Before we go any
further, let me give you a little rundown of the plot -- and with it, the
“plan” of our “heroes”. In this game,
Dante is a self-serving slacker who’s no stranger to beer and strippers on a
nightly basis. However, his life gets
flip-turned upside down when Kat appears at the doorstep of his trailer -- and
after a close encounter with some demons in Limbo, Dante agrees to go with her
and join The Order, an Anonymous-style rebel group spearheaded by the
Vergil explains the
truth to Dante: that the two of them are brothers -- nephilim, born to a demon
father and an angel mother -- and the only ones who can defeat Mundus, the
demon king that killed said mother and banished said father. But that’s not all; Mundus -- while posing as
Lex Luthor a human banker -- is leading a secret operation against the
human race, using Virility to placate them (probably), the media to scare them,
and the power of debt to strangle the president and the world alike. So -- as is the standard -- it’s up to the
rebels to take down the establishment and give the people freedom.
The plan, as such, is a
simple one. Mundus is effectively
immortal and invincible as long as he’s in his ridiculously-ornate HQ, because
it ALSO contains a Hell Gate that feeds him power -- more specifically, it’s in
his office. So going for a direct attack
will do Dante and Vergil no good; they have to lure him out of his HQ so they
can deal the finishing blow. So like
good little rebels, they opt for subterfuge; they’ll target the Virility
factory, Raptor News (a Fox News pastiche spearheaded by fellow demon Bob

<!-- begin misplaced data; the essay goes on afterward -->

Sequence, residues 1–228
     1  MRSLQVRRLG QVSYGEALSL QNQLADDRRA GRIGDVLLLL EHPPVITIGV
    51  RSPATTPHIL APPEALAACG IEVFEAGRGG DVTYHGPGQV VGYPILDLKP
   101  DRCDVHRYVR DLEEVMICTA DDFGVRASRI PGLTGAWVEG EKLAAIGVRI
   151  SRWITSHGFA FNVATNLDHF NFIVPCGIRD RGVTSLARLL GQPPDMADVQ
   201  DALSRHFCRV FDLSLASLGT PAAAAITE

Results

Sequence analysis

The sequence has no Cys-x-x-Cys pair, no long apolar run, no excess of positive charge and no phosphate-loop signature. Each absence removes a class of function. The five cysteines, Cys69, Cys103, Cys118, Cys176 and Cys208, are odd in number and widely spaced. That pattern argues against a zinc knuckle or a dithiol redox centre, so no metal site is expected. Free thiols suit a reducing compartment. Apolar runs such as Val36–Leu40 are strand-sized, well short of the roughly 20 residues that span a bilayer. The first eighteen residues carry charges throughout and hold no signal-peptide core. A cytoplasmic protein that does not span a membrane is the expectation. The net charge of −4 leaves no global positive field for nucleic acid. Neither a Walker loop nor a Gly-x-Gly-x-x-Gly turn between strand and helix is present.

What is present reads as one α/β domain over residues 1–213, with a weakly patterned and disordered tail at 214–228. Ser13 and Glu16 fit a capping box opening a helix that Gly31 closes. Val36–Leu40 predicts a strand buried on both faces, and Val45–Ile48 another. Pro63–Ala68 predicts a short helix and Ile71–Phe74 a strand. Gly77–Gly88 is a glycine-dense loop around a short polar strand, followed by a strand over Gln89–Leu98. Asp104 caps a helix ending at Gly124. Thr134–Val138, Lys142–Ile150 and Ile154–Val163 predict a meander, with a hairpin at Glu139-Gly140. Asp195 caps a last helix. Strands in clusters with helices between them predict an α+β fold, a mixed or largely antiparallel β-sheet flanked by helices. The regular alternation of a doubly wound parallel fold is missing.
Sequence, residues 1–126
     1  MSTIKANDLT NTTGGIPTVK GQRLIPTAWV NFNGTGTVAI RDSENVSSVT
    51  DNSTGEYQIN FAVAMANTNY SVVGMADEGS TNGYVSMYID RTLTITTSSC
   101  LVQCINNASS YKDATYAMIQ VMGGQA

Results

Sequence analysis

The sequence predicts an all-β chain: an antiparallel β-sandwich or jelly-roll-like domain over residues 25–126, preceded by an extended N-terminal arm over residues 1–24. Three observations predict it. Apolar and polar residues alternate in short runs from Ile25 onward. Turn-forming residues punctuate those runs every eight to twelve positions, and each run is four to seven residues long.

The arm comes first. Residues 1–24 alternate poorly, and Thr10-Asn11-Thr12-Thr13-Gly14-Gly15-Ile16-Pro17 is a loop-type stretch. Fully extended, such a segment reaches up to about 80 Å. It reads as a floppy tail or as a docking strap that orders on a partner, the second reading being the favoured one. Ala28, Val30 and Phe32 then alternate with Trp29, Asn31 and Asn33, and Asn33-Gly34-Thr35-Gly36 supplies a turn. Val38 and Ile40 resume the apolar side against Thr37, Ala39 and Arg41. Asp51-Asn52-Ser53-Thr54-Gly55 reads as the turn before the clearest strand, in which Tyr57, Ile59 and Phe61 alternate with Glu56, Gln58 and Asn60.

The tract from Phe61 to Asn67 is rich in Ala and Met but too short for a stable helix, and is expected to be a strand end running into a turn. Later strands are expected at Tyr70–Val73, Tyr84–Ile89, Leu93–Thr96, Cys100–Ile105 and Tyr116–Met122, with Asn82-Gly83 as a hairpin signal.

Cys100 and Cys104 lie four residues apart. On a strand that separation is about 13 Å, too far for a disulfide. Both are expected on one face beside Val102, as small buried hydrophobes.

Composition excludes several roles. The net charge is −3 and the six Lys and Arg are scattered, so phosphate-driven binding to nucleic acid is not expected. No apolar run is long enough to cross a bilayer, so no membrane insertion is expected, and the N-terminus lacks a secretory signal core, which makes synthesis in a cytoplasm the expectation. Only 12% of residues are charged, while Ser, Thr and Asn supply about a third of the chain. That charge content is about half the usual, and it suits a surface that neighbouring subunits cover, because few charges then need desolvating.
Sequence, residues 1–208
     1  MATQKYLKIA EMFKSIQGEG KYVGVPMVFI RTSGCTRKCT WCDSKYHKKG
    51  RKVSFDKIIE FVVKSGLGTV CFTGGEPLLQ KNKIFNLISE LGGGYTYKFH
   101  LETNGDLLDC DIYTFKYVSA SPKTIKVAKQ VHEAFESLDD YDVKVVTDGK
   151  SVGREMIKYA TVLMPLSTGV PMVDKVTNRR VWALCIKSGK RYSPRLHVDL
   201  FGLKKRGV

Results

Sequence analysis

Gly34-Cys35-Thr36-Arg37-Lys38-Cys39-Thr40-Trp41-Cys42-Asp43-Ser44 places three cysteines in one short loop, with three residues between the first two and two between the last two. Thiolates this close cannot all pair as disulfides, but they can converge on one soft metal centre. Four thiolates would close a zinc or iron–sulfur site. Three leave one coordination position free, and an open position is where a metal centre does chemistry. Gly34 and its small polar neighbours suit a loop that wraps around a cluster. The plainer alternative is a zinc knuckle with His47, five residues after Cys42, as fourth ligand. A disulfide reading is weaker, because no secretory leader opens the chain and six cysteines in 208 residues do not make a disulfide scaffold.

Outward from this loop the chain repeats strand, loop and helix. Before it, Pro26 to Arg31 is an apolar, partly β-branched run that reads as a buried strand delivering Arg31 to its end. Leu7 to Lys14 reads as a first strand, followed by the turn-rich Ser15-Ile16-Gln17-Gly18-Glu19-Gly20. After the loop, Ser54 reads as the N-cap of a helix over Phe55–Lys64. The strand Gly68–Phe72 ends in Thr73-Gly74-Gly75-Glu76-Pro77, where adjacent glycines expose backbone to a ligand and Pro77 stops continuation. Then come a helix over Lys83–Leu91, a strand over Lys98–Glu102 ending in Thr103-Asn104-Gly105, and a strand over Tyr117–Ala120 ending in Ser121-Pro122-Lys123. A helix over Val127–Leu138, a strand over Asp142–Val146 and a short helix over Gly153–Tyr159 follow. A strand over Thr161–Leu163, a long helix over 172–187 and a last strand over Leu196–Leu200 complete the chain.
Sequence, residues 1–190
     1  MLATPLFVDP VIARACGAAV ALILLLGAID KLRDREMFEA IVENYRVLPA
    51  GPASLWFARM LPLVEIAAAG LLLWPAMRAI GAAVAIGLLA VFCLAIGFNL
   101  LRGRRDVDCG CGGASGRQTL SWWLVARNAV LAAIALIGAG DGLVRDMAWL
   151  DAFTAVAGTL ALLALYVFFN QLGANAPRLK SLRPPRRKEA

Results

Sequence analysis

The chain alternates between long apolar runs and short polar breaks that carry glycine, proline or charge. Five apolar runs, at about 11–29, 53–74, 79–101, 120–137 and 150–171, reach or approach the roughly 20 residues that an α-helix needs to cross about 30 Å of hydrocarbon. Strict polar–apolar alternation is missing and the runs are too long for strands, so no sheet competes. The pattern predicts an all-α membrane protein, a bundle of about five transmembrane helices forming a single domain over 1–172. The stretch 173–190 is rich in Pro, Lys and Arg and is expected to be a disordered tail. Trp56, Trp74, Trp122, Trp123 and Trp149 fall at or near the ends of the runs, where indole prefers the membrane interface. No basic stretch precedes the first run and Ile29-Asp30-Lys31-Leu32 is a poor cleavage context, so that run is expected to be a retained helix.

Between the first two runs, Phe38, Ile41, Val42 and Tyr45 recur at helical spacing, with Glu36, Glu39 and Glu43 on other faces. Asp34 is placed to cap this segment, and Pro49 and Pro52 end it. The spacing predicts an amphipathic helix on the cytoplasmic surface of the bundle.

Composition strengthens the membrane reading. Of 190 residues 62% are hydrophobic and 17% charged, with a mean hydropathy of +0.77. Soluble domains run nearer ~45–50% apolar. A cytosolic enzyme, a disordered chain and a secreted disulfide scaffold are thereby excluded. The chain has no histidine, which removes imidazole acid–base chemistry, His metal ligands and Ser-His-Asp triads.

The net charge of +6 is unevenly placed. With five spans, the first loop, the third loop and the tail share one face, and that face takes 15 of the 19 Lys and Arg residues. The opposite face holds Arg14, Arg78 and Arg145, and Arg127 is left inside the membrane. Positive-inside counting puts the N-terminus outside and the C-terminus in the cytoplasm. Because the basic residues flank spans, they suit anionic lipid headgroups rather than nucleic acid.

Barbas), and hope that it’ll get Mundus riled up enough to make an appearance.
Now, if you’re anything
like me you’re probably wondering “So what, does Mundus never leave his
office? How does he meet people? What happens if he has a meeting abroad, or
just wants to go out and eat dinner?”
But trust me, that’s the least of this story’s problems.
You might want to grab
a snack, guys. (I recommend a nice honey bun.)
WARNING: There are going to be a LOT of
spoilers in this post, likely enough to ruin the entire game for you. If you have any intention of experiencing
this game’s story for yourself with a clear mind and no influence, you should
NOT read this post. You have been
Before we begin, I want
to make one thing clear: DmC is not a
game you should get angry about.
right. I’ll say it again, just to make
sure I’m getting my point across. In
spite of everything I’m about to say, and in spite of all the discussion and
dissent, DmCis not a game you should get angry about. Ignoring the fact that it’s just a game (and
there are plenty of other things worth raging about in this big blue world of
ours), it’s a game that’s already been released. It’s finished. The damage has been done, and lines have been